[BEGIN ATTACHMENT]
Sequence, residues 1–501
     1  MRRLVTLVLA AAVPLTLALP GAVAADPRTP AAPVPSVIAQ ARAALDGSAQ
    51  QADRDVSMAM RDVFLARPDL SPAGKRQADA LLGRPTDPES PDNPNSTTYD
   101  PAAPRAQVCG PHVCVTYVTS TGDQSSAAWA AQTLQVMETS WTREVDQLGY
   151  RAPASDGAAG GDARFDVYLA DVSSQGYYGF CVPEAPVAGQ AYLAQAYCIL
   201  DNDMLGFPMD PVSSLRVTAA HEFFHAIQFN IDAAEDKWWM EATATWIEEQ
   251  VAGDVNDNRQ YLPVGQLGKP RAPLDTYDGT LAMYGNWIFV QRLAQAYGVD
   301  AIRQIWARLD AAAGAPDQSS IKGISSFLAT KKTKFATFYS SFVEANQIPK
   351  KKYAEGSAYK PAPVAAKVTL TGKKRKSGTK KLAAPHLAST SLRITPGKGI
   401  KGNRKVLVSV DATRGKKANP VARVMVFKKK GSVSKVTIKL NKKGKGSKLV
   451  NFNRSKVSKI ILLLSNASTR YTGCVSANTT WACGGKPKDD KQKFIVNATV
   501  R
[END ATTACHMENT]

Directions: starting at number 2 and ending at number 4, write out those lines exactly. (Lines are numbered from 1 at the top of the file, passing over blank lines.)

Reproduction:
     1  MRRLVTLVLA AAVPLTLALP GAVAADPRTP AAPVPSVIAQ ARAALDGSAQ
    51  QADRDVSMAM RDVFLARPDL SPAGKRQADA LLGRPTDPES PDNPNSTTYD
   101  PAAPRAQVCG PHVCVTYVTS TGDQSSAAWA AQTLQVMETS WTREVDQLGY